Now therefore, while the youthful hue Sits on thy skin like morning dew, And while thy willing soul transpires At every pore with instant fires Now let us sport us while we may, And now, like amorous birds of prey, Rather at once our time devour Than languish in his slow-chapped power. Let us roll our strength and all Our sweetness up into one ball And tear our pleasures with rough strife Through the iron gates of life: Thus, while we cannot make our sun Stand still, yet we will make him run.
Now therefore, while the youthful hue Sits on thy skin like morning dew, And while thy willing soul transpires At every pore with instant fires, Now let us sport us while we may, And now, like amorous birds of prey, Rather at once our time devour Than languish in his slow-chapped power. Let us roll all our strength and all Our sweetness up into one ball, And tear our pleasures with rough strife Thorough the iron gates of life: Thus, though we cannot make our sun Stand still, yet we will make him run.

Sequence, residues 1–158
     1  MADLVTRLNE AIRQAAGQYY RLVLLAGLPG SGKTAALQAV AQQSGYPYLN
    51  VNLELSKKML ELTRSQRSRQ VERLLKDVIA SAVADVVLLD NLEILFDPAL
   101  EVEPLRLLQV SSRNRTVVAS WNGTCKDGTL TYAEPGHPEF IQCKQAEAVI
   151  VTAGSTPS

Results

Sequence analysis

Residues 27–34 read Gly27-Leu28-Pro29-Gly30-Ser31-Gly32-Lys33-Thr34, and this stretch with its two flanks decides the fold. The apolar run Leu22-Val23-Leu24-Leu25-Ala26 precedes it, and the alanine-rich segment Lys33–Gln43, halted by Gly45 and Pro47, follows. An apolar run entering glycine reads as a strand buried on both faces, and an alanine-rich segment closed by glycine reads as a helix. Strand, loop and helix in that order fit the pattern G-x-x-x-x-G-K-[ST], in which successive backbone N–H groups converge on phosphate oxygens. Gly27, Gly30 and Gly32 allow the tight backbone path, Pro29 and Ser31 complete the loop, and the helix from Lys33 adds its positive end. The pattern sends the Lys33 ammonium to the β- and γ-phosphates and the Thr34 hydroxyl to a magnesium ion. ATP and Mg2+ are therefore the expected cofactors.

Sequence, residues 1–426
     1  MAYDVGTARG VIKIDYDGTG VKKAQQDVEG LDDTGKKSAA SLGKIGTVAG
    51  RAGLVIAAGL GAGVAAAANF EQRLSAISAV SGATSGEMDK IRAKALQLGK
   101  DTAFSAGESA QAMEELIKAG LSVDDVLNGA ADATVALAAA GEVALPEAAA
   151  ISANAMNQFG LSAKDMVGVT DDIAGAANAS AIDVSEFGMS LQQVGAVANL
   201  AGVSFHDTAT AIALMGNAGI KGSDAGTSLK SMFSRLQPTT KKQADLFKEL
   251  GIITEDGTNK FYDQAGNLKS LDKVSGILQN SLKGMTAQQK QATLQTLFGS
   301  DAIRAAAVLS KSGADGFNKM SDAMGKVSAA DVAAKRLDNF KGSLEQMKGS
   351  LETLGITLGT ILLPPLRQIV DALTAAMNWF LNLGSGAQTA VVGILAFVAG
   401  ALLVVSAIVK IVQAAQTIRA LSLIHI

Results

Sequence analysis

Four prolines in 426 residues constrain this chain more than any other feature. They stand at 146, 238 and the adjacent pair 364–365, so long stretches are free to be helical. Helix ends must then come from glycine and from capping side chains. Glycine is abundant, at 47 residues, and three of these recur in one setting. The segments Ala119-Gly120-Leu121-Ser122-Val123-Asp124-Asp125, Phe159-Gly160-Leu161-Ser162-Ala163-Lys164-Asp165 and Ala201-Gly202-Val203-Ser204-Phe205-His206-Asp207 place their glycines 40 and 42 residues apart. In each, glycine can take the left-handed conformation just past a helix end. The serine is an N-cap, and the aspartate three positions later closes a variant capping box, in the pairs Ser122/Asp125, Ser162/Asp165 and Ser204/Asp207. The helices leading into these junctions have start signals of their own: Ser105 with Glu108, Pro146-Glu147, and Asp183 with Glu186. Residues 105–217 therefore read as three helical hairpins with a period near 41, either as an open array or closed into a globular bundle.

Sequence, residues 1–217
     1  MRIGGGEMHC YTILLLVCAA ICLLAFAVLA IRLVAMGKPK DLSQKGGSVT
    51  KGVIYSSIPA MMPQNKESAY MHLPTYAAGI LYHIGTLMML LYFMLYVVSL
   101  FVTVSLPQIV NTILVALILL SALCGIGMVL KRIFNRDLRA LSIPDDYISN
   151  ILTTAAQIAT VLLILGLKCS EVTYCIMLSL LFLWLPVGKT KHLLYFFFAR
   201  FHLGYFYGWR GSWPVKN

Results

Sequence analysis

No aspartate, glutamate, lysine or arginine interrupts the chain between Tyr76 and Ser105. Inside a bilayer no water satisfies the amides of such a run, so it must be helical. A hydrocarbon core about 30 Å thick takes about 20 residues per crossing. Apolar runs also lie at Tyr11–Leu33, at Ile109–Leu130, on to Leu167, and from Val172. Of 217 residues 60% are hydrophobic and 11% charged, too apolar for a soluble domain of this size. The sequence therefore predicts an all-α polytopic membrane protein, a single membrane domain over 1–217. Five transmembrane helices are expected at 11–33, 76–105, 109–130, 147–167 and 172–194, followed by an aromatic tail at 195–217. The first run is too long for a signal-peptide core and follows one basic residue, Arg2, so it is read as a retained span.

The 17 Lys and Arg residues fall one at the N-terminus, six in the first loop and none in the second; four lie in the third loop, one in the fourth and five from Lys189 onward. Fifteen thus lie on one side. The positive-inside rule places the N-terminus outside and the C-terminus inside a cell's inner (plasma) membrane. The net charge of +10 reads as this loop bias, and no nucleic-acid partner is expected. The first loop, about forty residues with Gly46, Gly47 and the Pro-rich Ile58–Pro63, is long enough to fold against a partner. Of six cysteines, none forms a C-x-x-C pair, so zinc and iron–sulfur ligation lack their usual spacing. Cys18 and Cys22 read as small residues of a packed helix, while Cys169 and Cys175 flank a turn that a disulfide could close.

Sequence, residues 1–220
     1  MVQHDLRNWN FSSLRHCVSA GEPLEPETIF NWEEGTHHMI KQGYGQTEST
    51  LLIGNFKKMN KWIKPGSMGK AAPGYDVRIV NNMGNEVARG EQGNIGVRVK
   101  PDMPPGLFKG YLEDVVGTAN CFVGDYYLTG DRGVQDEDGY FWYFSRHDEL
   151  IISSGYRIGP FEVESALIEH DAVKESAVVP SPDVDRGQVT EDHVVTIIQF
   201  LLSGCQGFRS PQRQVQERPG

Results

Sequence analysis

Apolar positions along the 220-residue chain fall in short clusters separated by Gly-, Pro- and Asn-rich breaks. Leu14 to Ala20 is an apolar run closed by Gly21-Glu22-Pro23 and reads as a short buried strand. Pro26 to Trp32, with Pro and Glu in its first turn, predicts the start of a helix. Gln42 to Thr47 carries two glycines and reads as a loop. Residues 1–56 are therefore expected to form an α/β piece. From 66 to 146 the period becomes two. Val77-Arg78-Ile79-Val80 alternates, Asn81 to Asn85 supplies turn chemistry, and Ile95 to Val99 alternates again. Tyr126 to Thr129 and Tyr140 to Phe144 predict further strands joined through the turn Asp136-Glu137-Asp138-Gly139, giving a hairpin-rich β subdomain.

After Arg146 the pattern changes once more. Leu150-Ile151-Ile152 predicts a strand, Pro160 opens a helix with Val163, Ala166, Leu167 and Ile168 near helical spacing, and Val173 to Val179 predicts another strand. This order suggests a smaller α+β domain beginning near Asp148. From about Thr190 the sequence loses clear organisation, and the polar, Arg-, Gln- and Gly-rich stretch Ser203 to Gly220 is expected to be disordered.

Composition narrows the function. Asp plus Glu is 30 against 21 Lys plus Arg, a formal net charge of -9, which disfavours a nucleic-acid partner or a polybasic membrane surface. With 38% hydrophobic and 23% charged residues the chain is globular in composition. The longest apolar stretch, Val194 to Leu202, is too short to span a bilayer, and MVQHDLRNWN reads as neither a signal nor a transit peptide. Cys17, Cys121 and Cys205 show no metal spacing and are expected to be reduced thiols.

I am not posing these questions only to the world at large. I query us who own Christ as our life. Can God be pleased by the vast and increasing inequities among us? Is he not grieved by our arrogant accumulation, while Christian brothers and sisters elsewhere languish and die? Is it not obligatory upon us to see beyond the nose of our own national interest, so that justice may roll down like waters and righteousness like an ever flowing stream? Is there not an obligation upon us to do justice, and to love mercy, and to walk humbly with God is we want to live in his wonderful peace?
Richard J. Foster
For him that stealeth, or borroweth and returneth not, this book from its owner, let it change into a serpent in his hand and rend him. Let him be struck with palsy, and all his members blasted. Let him languish in pain, crying aloud for mercy, and let there be no surcease to this agony till he sing in dissolution. Let bookworms gnaw his entrails in token of the worm that dieth not, and when at last he goeth to his last punishment, let the flames of hell consume him for ever. Curse on book thieves, from the monastery of San Pedro, Barcelona, Spain